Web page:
China started construction of a crude oil pipeline to import oil from Russia Monday in Mohe in Northeast China's Heilongjiang province, following a loan-for-oil accord signed with Russia in April.
Vice-premier Wang Qishan, who was present at the launching ceremony, hailed the project as "an important step" towards a long-term, full-scale energy partnership between the two countries.
"Energy cooperation plays a vital role in Sino-Russian strategic cooperative partnership," Wang said.
"Construction teams from China and Russia should coordinate with each other to ensure the pipeline goes into full operation by the end of 2010."
The construction of the Russian section of the pipeline, with a total length of 64 km, started on April 27, while the Chinese section will run for about 965 km.
Chinese Vice-Premier Wang Qishan, right, at a ceremony marking the start of construction of the China section of a Sino-Russian oil pipeline, in Mohe, Heilongjiang province. [China Daily]
China agreed last month to lend US$10 billion to Russia oil pipeline monopoly Transneft and another US$15 billion to the state-run oil major Rosneft at a discounted interest rate of 6 percent in exchange for reliable fuel supply for the next two decades.
According to the agreement, 15 million tons of Russian oil every year, or about 300,000 barrels a day, will be transported from Russia's Siberian fields over the pipeline to China for the next 20 years, likely also at a discounted price. The crude oil supply is equivalent to about 4 percent of China's daily fuel consumption.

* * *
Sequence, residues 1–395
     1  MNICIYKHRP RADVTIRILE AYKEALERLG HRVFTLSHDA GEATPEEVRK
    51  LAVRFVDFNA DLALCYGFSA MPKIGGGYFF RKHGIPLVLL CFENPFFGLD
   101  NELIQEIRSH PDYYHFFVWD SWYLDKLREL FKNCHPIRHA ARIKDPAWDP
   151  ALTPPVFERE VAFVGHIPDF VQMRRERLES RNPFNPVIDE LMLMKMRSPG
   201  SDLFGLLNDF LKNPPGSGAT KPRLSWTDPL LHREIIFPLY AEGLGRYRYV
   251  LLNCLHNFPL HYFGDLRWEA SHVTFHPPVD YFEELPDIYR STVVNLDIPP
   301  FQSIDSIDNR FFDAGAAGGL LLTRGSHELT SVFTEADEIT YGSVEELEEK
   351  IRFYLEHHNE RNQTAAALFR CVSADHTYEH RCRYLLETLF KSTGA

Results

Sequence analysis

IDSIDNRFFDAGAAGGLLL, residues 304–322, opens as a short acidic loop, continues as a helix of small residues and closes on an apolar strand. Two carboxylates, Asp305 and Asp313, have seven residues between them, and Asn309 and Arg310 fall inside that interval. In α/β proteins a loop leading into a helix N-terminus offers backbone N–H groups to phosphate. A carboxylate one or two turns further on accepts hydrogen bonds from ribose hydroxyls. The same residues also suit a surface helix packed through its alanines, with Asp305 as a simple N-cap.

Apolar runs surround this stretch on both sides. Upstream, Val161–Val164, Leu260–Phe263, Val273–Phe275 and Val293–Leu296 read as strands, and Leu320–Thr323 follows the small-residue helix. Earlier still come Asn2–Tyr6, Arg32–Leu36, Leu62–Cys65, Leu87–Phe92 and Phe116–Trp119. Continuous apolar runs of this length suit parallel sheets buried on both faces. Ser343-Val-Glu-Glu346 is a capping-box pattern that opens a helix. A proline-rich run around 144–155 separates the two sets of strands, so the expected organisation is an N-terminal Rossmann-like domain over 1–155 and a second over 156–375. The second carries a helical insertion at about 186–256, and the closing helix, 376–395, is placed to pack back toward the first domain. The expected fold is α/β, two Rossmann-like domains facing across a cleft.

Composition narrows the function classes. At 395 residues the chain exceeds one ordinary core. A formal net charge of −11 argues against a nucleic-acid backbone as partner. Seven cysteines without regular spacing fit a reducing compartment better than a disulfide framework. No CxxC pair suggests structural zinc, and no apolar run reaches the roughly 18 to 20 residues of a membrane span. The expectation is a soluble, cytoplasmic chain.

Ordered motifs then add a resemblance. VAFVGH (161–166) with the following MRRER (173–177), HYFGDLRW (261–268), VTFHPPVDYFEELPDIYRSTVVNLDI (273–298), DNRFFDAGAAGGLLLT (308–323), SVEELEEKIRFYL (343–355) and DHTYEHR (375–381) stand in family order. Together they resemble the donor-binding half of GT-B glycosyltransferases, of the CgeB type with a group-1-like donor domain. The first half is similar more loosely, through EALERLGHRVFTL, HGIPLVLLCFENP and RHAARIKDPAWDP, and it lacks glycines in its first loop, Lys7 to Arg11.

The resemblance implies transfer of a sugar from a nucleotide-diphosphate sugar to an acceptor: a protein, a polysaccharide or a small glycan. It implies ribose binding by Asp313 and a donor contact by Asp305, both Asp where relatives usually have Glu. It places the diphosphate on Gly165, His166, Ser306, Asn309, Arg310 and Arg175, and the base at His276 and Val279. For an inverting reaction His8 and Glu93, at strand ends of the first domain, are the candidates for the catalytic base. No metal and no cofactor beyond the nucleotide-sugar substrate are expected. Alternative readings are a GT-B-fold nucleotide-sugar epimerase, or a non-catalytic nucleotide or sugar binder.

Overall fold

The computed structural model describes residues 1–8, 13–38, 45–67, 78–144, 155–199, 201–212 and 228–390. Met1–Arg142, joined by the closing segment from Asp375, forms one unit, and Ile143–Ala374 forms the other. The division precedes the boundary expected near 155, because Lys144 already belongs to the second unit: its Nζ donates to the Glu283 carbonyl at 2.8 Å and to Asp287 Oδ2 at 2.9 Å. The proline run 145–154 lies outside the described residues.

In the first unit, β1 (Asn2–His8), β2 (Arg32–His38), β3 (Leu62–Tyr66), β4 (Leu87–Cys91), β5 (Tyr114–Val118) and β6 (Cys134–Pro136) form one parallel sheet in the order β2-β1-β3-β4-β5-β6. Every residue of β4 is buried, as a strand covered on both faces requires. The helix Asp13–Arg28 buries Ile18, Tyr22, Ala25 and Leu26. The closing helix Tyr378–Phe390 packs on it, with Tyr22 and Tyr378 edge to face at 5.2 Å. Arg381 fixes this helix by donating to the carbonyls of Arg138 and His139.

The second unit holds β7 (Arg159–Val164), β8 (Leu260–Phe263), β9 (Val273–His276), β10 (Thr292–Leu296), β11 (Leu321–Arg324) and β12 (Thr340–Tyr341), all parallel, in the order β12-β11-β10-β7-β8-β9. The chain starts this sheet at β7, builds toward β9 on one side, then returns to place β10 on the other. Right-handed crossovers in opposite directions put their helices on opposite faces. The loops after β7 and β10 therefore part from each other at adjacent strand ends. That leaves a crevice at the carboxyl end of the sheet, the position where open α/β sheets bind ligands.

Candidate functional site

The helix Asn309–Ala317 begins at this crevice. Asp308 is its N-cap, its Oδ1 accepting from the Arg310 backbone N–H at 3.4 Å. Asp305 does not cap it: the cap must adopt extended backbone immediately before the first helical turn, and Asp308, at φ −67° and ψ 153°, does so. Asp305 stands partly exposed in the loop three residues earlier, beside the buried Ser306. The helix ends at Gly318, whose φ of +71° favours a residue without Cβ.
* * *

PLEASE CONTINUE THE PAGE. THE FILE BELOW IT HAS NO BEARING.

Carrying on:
Zhang Guobao, Director of China's National Energy Administration (NEA), told China Daily on the sidelines of the launching ceremony that the pipeline's delivery capacity is very likely to be boosted to 20 million tons a year upon its completion.
China and Russia will study the feasibility of increasing its delivery capacity after the pipeline is put into production, Chinese Ambassador to Russia Liu Guchang told the official Xinhua News Agency last week.
Under the agreement, China and Russia will jointly build and operate the pipeline from Russia's Siberian city of Skovorodino to China's northeastern city of Daqing as its terminal via China's border city of Mohe.
The project was a win-win deal for both China and Russia "as it helped diversify China's oil import as well as Russia's oil sales", said Liao Yongyuan, vice-president of the country's largest oil and gas producer PetroChina Co which is responsible for the construction of the Chinese section of the pipeline.
Zhang of NEA yesterday told China Daily that the two nations will also consider cooperating for natural gas supply.
China's push to gain resources as the credit freeze, the collapse of the ruble and the depressed global commodity prices prompts countries such as Russia to sell energy assets, analysts said. Meanwhile, cash-rich Chinese oil firms are eager to secure a steady supply of oil to power the country's growth, in anticipation of an economic recovery.
PetroChina gained approval at its annual shareholders' meeting to raise as much as 100 billion yuan via debt this year to finance key projects including exploration, refining, oil and gas pipeline networks and overseas operations.
PetroChina is also building a pipeline that transports 20 million tons of Kazakhstan oil to China annually. The project will be fully operational by the end of the third quarter.
(China Daily May 19, 2009)